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Resources Specific to Victims of Sexual Abuse

What do we mean by trauma-informed services and why is such an approach important?

  • The Centers for Disease Control and Prevention (CDC), Injury Prevention & Control: Division of Violence Prevention has developed resources related to sexual violence.
  • The National Traumatic Stress Network provides information related to sex abuse. They define child sexual abuse as any interaction between a child and an adult (or another child) in which the child is used for the sexual stimulation of the perpetrator or an observer. Sexual abuse can include both touching and non-touching behaviors.

My agency has decided it wants to be more trauma-informed. Where do I start?

  • The National Center on Trauma-Informed Care developed a technical assistance document on Engaging Women in Trauma-Informed Peer Support for providers who serve women. The guide is a resource to learn how to integrate trauma-informed principles into programs and services for women, and is particularly relevant to programs providing domestic violence services.

We’ve begun working on these issues, but are trying to decide what to tackle next. How can I figure out my next steps?

What are the key issues in making sure my agency does not re-traumatize our clients?

How do I develop the capacity of my staff to deliver trauma-informed services?

Additional or specialized resources

  • The Online Directory of Crime Victim Services, a resource from the Office for Victims of Crime (OVC). Since its launch in 2003, the Directory has helped thousands of crime victims and service providers find nonemergency crime victim service agencies in the United States and abroad.
  • Sexual Abuse among Homeless Adolescents: Prevalence, Correlates, and Sequelae was developed jointly by Research Triangle Institute (RTI), Child Trends, and the Pacific Institute for Research and Evaluation (PIRE) for the Administration on Children, Youth and Families (ACYF).
  • The Psychological Consequences of Sexual Trauma is issued by National Resource Center on Domestic Violence. This resource explores the psychological consequences of sexual trauma. Sexual trauma among survivors have been widely studied, but research investigations continue, in part, because rates of violence against girls and women remain high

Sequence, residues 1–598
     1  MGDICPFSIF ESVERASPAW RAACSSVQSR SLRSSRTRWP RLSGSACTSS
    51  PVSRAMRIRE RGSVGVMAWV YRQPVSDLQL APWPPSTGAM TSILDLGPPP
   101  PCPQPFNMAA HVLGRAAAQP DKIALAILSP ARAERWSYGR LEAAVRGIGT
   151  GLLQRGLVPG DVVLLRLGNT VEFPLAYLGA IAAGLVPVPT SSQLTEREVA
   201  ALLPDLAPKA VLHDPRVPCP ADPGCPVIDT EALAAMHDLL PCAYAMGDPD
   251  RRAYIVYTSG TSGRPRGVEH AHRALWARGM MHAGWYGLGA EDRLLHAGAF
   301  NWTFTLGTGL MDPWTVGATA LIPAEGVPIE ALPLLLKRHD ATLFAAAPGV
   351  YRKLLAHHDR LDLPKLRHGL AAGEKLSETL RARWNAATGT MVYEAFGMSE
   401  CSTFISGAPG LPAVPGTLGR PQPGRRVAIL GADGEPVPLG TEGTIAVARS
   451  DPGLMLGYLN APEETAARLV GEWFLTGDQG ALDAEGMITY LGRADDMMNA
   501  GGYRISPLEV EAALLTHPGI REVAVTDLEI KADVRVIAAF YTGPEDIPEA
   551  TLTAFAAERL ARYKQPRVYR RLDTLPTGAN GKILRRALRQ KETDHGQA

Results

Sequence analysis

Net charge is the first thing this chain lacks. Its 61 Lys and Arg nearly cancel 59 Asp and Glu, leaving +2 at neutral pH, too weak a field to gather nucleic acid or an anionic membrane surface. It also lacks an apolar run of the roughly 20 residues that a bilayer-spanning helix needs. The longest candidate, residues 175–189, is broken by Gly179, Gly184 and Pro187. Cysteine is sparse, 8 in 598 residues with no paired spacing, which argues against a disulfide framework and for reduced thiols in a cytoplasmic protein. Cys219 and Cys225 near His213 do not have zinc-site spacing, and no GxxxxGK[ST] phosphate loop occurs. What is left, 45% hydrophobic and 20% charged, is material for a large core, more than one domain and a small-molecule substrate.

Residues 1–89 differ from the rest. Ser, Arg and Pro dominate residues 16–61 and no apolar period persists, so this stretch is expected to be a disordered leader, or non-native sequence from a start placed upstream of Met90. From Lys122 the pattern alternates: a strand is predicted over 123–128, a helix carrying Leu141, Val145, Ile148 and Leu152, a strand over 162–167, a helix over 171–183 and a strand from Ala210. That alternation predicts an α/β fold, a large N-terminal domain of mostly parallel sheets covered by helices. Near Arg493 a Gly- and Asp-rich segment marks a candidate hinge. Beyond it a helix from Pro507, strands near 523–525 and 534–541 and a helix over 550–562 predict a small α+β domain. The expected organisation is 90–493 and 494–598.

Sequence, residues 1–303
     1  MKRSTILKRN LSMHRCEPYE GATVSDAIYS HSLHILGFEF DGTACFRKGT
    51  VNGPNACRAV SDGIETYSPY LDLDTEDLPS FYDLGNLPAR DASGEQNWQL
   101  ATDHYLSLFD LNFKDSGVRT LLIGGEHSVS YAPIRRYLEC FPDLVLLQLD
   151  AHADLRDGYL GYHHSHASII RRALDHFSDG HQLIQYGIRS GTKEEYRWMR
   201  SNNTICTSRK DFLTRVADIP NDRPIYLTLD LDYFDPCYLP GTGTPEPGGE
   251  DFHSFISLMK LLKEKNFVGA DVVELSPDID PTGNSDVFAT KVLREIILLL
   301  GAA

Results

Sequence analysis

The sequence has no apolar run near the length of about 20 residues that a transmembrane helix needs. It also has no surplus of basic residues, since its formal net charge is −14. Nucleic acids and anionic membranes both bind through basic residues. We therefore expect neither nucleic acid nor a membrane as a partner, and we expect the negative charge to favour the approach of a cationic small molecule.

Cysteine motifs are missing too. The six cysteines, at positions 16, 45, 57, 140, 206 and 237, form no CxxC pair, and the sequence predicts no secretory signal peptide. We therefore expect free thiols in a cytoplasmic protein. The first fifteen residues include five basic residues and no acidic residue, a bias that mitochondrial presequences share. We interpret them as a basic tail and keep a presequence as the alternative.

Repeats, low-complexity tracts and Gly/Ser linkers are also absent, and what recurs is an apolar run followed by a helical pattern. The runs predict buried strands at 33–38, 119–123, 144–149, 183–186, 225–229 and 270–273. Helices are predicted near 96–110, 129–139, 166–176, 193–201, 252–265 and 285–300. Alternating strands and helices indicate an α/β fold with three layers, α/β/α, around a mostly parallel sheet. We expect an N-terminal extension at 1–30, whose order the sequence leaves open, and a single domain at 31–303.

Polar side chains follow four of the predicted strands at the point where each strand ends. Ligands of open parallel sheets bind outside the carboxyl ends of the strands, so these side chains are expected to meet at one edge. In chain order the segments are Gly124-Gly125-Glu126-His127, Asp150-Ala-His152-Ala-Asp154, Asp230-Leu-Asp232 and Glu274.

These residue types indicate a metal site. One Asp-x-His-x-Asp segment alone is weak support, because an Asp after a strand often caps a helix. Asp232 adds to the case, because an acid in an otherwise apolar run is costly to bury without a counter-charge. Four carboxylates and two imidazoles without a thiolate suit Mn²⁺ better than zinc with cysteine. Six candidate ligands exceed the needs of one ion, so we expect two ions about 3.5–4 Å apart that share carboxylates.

• Eight Common Myths about Child Sexual Abuse is a resource developed by The Leadership Council on Child Abuse & Interpersonal Violence (formerly the Leadership Council on Mental Health, Justice, and the Media) was founded in 1998 by professionals concerned with the treatment of victims of trauma, both in professional circles and by the legal system.
  • Recantation and False Allegations of Child Abuse provides information on issues pertaining to recantation and false allegations of abuse by children are among the more complex to understand psychologically and to interpret accurately. This issue was developed by the National Child Advocacy Center through funding from the U.S. Department of Health and Human Services, Public Health Service, Substance Abuse and Mental Health Services Administration
  • The Office on Women’s Health from the United States Department of Health and Human Services provides resources on sexual assault and abuse.
  • Sexual Violence Prevention: Beginning the Dialogue is a resource from the Centers for Disease Control and Prevention. The resource is developed to review theoretical frameworks and to define and describe prevention concepts and strategies that were compatible with the public health approach and would benefit entire communities affected by sexual violence.
  • The Centers for Disease Control and Prevention, Injury Prevention & Control: Division of Violence Prevention provides additional resources.

    Return to Resource Guide to Trauma-Informed Human Services

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